It's said there's nothing new under the sun. But there is in West Carrollton, Ohio, at El Meson. If you're looking for an exotic dining experience without packing or showing a picture ID, drive north on I-75 for a south-of-the-border minivacation. Forget the miles, don't worry about the time: You'll feel welcome in this tropical world.
The El Meson Restaurant started as a hobby for Herman Castro, an NCR engineer originally from Colombia. He bought a tiny pizza parlor as an investment. During the week, he sold pizza. But on weekends, his whole family cooked Spanish food for friends and a growing fan club. When the barbershop next door became available, Castro bought it and eventually the shop beyond that. Renova-tions linked the separate buildings, culminating in the cavernous El Meson with a twisty, familiar, but surprising feeling.
El Meson is delightfully the opposite of high ad budget, low-taste chains. Robust taste, enthusiastic staff and reasonable prices.
It was bustling and friendly early on a recent Saturday evening. As we zigzagged through rooms to our table, I was dazzled by the colorful accoutrements adorning walls and ceiling. We sipped glasses of Sangria ($2.95), feeling as if there were quite a few regulars. Or maybe it's the Castro family (all present, smiling and circulating, bussing tables, answering questions) and the staff just making people feel at home. I was even offered a sample of the next table's Whole Fresh Tilapia ($19.95), a special from the weekend menu featuring cuisine from Guanajuato, Mexico.
Don't expect chips and salsa. We received a basket of fresh, chewy bread coupled with a tangy spoonable sauce of cilantro, green onion, parsley and 20 spices. The regular list of tapas was expanded with several from the Guanajuato region. We chose Ceviche de Pescado ($6.25), a classic, interpreted well with large shrimp "cooked" in lime juice, covered with a mildly spiced sauce and layered in a glass ice cream dish. The presentation included a crisp, lengthwise plantain strip with plantain chips circling the base of the bowl. Light, crisp tortillas were spread with a subtle horseradish cream and topped with smoked salmon in the Salmon Quesadilla ($6.95).
El Meson serves Spanish cuisine and, although a region in Mexico was featured, the food was not fiery. To sample a new/old twist in table cooking, we ordered the Solomillo ($20.95), a filet mignon prepared in the kitchen, then served on a clay dish heated to 600 degrees, so you can slice and finish cooking to your desire. Moist and tender, this flavorful dish — the concept came from a restaurant in Madrid — was accompanied by a rice timbale and a simple oil-and-vinegar-dressed salad. The Chilean Salmon Stack ($18.95) was an impressive tower of grilled salmon, aioli, black bean salad, rice, romaine, and plantain chips surrounded by savory pitted, stemmed olives, salad and grapes. Even after the stack imploded, the texture and flavor combinations pleased the palate.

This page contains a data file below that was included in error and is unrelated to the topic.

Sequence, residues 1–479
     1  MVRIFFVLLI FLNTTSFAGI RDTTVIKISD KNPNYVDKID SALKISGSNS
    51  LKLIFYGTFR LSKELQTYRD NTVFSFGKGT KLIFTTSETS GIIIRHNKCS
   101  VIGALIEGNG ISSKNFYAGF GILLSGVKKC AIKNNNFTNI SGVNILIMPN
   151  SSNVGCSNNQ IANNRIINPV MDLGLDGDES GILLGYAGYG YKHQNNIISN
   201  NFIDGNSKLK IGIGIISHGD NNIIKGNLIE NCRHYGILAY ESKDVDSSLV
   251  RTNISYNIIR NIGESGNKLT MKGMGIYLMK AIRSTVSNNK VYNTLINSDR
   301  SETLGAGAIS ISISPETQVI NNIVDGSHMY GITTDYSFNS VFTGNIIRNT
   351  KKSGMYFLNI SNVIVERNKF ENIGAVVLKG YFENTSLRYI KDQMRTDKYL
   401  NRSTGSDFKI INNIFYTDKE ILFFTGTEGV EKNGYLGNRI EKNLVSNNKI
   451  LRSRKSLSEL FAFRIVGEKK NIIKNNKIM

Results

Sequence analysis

About 7:30 p.m., the tableside serenading began. The three women, colorfully dressed, began entertaining the El Meson patrons (and themselves) over eight years ago. About the same time, Castro began to cruise his domain. In a white chef's jacket, clogs and an El Meson baseball cap, he animatedly chatted in Spanish with the singers, then with diners from Puerto Rico. He noted that the staff came from Ecuador, Colombia, the Philippines, Mexico and even Kentucky.
Guava Empanadillas ($4.75) were served hot with a honey-flavored hard candy squiggle darting out of a scoop of vanilla ice cream. The tender pastry crust paired nicely with the sweet, exotic fruit for a pleasing dessert. Thin, light crêpes wrapped the rich, buttery caramel filling of the Crepas Argentinas ($4.95), then dusted with powdered sugar and accompanied by vanilla ice cream and another serpentine honey confection.
El Meson offered an unusual opportunity to experience a family's passion to present the foods of the world in a meaningful (and flavorful) way. Their personal focus on good service, fun and a commitment to the community (they teach about 100 classes annually covering Latin cuisine and culture for local high schools) is refreshing and inspiring. So when the urge for a Latin fling, a bit of Carnival, or a friendly place to relax and savor new flavors, drive a little north of Cincinnati and bask in the bright light of the El Meson.
Go: 903 E. Dixie Dr. West Carrollton, Ohio
Hours: Lunch: 11 a.m.-2 p.m. Tuesday-Friday. Dinner: 5 p.m.-9 p.m. Tuesday-Thursday; 5 p.m.-10 p.m. Friday and Saturday
Payment: All major credit cards.
Vegetarian Friendliness: Several selections in both tapas and entrées.